Anne Maxwell Struggle With Exploitative Photography – Essay
While Anne Maxwell raises some interesting and valid points regarding the exploitative portrayal of indigenous peoples in colonial photography, it is
worthwhile focussing on what she sees as exceptions to this rule. Her assertion that studio portraits of the colonised peoples dressed in Western clothes show their ‘empowerment’ is extremely reductive and overly simplistic, especially in light of the critical nature of the rest of the article. Arguably, this type of portrait merely shows an internalisation of the subjugation they were exposed to, and Maxwell betrays her own latent imperialist tendencies when she presents the Westernisation of a colonised people as progressive and empowering.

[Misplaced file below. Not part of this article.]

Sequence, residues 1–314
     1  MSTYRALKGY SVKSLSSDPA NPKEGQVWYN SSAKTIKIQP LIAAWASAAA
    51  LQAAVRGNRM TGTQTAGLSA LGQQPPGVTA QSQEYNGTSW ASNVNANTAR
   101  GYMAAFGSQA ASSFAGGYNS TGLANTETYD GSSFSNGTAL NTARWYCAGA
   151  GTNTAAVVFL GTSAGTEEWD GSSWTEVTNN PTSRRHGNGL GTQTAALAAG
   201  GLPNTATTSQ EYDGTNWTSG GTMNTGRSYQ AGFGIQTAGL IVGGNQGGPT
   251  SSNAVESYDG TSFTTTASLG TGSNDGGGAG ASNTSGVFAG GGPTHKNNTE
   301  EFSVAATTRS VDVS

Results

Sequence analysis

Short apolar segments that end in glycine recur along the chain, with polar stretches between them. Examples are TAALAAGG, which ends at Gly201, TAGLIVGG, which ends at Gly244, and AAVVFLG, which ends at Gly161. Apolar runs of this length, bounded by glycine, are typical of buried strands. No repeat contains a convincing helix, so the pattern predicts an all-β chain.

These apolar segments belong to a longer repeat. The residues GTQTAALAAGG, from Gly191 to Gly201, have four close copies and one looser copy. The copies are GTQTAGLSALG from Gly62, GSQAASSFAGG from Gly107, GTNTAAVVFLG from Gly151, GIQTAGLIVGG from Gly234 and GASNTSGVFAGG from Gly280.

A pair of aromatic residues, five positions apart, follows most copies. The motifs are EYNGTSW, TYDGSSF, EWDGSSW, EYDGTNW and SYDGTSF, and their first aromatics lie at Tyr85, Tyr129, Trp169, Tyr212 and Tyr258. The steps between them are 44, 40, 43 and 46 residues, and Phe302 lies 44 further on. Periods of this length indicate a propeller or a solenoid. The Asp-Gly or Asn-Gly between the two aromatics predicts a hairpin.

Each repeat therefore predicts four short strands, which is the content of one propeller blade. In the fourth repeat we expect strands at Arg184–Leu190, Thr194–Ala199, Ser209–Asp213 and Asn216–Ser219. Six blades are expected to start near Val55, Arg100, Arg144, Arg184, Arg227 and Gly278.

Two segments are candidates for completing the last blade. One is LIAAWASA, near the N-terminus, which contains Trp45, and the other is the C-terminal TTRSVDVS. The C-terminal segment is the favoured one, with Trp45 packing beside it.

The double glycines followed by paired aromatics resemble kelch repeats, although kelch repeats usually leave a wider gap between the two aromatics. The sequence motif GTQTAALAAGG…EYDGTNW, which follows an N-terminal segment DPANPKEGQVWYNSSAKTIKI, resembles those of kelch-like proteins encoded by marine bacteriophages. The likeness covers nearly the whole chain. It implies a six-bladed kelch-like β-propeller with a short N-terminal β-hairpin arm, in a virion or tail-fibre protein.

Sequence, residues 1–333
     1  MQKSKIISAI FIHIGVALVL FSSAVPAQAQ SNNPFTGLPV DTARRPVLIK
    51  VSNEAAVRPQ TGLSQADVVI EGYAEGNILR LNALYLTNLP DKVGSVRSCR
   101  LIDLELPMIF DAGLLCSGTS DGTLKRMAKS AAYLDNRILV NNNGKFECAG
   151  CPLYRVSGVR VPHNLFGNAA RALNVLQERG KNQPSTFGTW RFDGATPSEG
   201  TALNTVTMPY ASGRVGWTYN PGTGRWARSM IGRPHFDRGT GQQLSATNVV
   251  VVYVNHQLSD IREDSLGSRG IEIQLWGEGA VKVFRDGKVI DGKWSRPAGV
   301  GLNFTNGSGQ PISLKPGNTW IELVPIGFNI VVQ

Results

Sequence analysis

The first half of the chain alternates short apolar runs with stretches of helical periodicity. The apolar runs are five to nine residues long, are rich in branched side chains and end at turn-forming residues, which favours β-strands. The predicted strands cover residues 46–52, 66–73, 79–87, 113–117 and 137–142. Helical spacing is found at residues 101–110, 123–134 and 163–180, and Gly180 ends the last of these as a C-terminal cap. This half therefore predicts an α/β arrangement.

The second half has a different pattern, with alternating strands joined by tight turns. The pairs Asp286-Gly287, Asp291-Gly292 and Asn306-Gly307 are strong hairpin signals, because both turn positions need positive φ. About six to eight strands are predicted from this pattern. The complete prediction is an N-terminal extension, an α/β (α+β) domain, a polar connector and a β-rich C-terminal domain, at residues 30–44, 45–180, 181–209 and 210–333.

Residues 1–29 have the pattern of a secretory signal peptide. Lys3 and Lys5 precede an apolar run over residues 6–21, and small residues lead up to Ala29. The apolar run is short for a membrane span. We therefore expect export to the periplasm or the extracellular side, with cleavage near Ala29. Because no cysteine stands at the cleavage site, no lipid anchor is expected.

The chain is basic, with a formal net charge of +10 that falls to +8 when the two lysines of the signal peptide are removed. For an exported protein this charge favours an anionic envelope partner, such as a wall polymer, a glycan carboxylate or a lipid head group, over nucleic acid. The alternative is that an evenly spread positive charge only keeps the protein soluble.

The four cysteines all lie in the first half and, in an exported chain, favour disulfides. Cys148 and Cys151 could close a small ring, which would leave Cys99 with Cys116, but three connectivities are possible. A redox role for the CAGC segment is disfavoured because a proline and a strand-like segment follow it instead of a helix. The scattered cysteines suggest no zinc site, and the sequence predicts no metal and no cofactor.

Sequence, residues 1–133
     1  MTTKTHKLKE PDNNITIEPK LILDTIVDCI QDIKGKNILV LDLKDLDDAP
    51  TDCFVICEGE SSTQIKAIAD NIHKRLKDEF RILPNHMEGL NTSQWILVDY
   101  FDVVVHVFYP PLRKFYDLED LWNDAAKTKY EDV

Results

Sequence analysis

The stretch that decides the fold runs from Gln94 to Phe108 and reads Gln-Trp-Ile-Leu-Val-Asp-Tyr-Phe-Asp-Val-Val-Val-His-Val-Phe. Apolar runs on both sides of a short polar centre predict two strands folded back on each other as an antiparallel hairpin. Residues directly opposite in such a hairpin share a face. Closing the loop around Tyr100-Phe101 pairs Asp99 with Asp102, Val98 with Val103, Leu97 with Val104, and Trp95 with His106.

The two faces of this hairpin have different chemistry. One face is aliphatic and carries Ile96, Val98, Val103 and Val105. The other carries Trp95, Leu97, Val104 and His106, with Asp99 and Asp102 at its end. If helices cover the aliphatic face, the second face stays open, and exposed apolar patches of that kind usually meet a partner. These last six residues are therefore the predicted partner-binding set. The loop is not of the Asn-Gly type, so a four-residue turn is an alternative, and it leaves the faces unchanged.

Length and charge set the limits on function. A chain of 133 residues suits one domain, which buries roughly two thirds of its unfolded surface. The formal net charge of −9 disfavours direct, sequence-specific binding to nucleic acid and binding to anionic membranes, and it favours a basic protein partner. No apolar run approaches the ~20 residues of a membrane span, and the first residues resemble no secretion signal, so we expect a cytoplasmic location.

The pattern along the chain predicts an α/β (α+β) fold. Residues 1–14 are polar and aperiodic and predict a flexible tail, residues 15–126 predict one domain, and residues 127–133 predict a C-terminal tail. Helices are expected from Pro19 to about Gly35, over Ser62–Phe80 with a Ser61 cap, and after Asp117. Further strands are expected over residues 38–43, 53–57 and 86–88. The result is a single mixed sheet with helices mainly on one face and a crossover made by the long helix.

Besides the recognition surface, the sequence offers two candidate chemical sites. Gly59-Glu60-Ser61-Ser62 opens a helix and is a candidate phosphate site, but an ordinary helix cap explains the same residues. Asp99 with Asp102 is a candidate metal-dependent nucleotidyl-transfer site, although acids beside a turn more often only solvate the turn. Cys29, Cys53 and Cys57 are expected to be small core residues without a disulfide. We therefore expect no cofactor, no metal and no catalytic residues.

Further, in her examination of the nature of ‘the gaze’ (arguably a romantic and sentimental idea in the first place), Maxwell dictates that ‘the gaze’ that the photographer deliberately allows is more empowering than one which is included despite their attempts at control – an idea which seems to indicate that the empowerment comes not from the sitter themselves, but from the coloniser/photographer, who ‘allows’ them to project their individuality and subjectivity in the terms of the Western eye. Essentially, her ideas of empowerment seem to hinge on the reaction of the Western viewer, as identifying with or seeing the sitter as ‘civilised’, ‘empowered’, rather than an internal feeling of control by the indigenous subject of the photo.